When it comes to working on overcoming social anxiety and growing our quiet confidence, it can be easy for us to think that the only things we need to be doing are working on changing our thoughts and to focus on situations that directly relate, on the surface, to what we’re working on. Which in this case means, focusing solely on situations that involves social interaction or being with others.
And whilst these 2 components certainly have their place and are significant elements within this process, by focusing only on them, we can easily miss working on restructuring the foundation upon which they sit on.
So in this post, I’m going to share with you 3 additional ways to train your brain into confidence – and the great thing about these 3 techniques, is that you can do them all independently, so they can be amazing first steps, if you are just starting out on your journey from socially anxious, to quietly confident.
3 Techniques to Train the Brain:
Yes, drawing! I’ve been reading this fascinating book recently called ‘Drawing On The Right Side of The Brain’ by Betty Edwards. On the surface, it’s a book to learn how to draw, but at it’s core, it’s actually a book on training your brain to cognitively shift from limited perspective, to unlimited perception!
Betty has been teaching the fundamental components of learning how to draw since the late 1970s, and since this time has continued to work with scientists to ensure the research and practises within this book have remained up-to-date with the emerging discoveries within neuroscience – which also informs the principles of NLP, a model of coaching we use here at Quiet Connections.
What Betty highlights is that the skill behind drawing, is not the drawing itself, but it’s training ourselves how to see differently.
“… it is certainly not about Art with a capital A. The true subject is perception…. The larger underlying purpose was always to bring right hemisphere functions into focus and to teach readers how to see in new ways, with hopes that they would discover how to transfer perceptual skills to thinking and problem solving.”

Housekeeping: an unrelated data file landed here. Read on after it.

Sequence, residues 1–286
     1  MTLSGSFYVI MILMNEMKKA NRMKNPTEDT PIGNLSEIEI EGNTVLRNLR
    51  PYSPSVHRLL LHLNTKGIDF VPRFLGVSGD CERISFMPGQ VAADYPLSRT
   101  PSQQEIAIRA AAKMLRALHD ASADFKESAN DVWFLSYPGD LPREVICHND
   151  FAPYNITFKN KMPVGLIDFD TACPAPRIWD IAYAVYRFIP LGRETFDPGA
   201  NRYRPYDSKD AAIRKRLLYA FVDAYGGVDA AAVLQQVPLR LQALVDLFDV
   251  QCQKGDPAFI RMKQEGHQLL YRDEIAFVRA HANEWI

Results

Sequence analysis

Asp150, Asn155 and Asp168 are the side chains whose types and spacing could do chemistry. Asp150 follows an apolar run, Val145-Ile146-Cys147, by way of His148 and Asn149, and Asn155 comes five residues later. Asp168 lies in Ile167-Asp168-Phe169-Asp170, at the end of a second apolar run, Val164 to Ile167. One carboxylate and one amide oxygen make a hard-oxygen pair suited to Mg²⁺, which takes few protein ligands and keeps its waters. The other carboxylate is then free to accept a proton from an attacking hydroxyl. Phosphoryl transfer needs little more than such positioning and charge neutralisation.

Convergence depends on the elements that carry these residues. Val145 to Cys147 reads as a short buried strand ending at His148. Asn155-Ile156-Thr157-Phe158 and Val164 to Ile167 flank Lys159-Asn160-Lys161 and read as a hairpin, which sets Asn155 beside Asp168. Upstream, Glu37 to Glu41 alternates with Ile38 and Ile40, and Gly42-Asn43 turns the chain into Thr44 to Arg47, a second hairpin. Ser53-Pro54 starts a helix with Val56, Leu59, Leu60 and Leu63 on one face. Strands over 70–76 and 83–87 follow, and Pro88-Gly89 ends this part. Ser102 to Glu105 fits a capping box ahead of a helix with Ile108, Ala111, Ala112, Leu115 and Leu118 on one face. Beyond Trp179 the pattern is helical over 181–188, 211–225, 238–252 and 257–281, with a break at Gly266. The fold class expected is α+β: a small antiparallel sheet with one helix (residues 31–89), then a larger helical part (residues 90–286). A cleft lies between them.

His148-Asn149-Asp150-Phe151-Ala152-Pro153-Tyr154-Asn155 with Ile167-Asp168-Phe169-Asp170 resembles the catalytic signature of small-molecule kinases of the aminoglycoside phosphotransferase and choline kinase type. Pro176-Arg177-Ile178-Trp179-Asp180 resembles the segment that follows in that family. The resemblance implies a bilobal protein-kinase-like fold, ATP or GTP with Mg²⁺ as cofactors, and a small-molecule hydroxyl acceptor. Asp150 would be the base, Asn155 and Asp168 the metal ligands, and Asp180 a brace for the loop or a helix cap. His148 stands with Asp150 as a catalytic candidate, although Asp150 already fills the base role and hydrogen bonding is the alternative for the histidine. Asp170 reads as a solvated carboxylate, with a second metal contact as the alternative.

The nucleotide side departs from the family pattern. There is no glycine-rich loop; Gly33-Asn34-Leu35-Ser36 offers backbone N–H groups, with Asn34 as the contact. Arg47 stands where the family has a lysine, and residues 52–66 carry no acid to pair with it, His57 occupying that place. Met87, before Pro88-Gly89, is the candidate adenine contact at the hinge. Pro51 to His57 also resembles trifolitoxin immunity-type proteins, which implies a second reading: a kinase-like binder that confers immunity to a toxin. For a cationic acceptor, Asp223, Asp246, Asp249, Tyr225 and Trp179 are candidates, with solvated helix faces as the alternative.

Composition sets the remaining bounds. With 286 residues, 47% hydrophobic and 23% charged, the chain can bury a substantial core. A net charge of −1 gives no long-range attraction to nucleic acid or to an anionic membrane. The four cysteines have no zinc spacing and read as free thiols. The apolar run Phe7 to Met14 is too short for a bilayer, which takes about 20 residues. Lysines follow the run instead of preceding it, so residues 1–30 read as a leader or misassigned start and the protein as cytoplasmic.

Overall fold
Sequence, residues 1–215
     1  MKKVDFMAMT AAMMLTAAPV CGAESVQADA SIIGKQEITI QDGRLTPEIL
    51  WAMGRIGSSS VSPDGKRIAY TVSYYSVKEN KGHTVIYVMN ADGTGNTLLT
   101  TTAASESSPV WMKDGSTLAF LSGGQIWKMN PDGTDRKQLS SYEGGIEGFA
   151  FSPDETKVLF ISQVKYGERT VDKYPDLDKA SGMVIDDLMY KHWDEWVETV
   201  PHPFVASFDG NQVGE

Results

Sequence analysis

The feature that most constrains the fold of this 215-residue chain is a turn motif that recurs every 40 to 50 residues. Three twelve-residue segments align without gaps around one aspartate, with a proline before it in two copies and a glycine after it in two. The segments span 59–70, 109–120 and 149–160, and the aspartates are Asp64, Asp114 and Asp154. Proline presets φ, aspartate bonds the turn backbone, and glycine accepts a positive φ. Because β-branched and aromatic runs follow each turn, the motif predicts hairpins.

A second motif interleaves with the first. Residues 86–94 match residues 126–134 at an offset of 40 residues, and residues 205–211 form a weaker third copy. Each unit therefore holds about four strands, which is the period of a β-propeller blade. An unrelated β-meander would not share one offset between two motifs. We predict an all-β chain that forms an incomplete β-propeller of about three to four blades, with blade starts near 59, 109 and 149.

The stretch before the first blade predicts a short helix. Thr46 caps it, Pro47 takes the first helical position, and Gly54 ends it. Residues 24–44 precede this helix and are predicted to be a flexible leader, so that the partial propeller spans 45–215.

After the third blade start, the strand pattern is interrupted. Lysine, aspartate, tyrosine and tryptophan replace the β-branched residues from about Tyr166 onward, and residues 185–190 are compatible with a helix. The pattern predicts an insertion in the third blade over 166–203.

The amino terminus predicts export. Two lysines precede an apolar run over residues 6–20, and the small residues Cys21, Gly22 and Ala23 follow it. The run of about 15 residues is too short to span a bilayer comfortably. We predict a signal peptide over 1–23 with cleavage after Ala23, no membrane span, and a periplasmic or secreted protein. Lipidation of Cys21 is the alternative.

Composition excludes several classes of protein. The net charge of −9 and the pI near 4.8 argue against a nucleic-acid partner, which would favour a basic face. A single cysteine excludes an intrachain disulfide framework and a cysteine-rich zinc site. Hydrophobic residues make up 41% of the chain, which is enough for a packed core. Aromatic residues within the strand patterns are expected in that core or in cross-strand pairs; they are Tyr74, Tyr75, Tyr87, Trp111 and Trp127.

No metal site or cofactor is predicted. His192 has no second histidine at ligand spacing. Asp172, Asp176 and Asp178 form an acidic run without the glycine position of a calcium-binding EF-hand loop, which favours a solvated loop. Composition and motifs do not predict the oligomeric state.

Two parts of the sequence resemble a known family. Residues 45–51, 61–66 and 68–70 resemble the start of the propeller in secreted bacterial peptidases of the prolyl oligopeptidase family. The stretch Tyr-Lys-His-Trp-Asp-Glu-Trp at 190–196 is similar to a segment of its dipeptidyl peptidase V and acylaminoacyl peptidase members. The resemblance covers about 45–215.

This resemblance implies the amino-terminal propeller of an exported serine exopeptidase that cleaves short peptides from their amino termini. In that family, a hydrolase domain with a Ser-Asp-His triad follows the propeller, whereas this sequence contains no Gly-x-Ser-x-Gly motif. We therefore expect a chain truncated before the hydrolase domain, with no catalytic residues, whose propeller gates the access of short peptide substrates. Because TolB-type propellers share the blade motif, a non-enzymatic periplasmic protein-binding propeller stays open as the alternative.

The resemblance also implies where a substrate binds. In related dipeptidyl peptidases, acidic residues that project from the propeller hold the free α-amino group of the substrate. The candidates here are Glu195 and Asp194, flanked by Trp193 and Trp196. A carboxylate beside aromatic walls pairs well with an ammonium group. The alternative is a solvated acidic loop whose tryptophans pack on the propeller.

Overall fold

“…the five skills, I realised, were not drawing skills in the usual sense; they were rock-bottom, fundamental seeing skills: how to perceive edges, spaces, relationships, lights and shadows, and the gestalt.” (Note: gestalt being the whole and its parts).
Even simply laying those 5 skills out in this manner, we can begin to see how they might start connecting to increasing our sense of confidence if we applied them metaphorically to our interaction with ourselves and with others (and if you can’t see that just yet, sit tight, I’m going to explain in just a moment).
Through the drawing exercises in this book, it teaches you how to intentionally distract and disengage the rationale, critical parts of the brain – which can limit how we take in and interpret the world through filters of labelling and jumping to assumptions – and instead, elicit the immense powers of our more observant, intuitive and insightful parts that see through the lens of accepting ‘what is’ as ‘it is’ – a key aspect of mindfulness!
But wait, how does perceptual training help?
So how does this actually help with social anxiety, I hear you asking?
It helps because, when we experience anxiety in situations that involve some form of visibility, interaction or performance with others, the filters through which we perceive those situations are distorted by past conditioning, experiences, potential trauma, and ultimately, feelings of fear. We may see threat, even if it’s not there.
None of us are truly taking in the world at a conscious level for how it actually is, because we simply cannot process that amount of information at one time – which we go into in more detail here . Our perceptual awareness is directly linked to our senses, and our interpretation of the information that our senses are taking in are coloured by our filters. The rational brain can quickly jump in and start naming what we think we are experiencing, without taking much time to question whether it’s accurate. In our minds, we might be seeing a dragon, when we’re actually in the presence of a unicorn. Sneaky right?!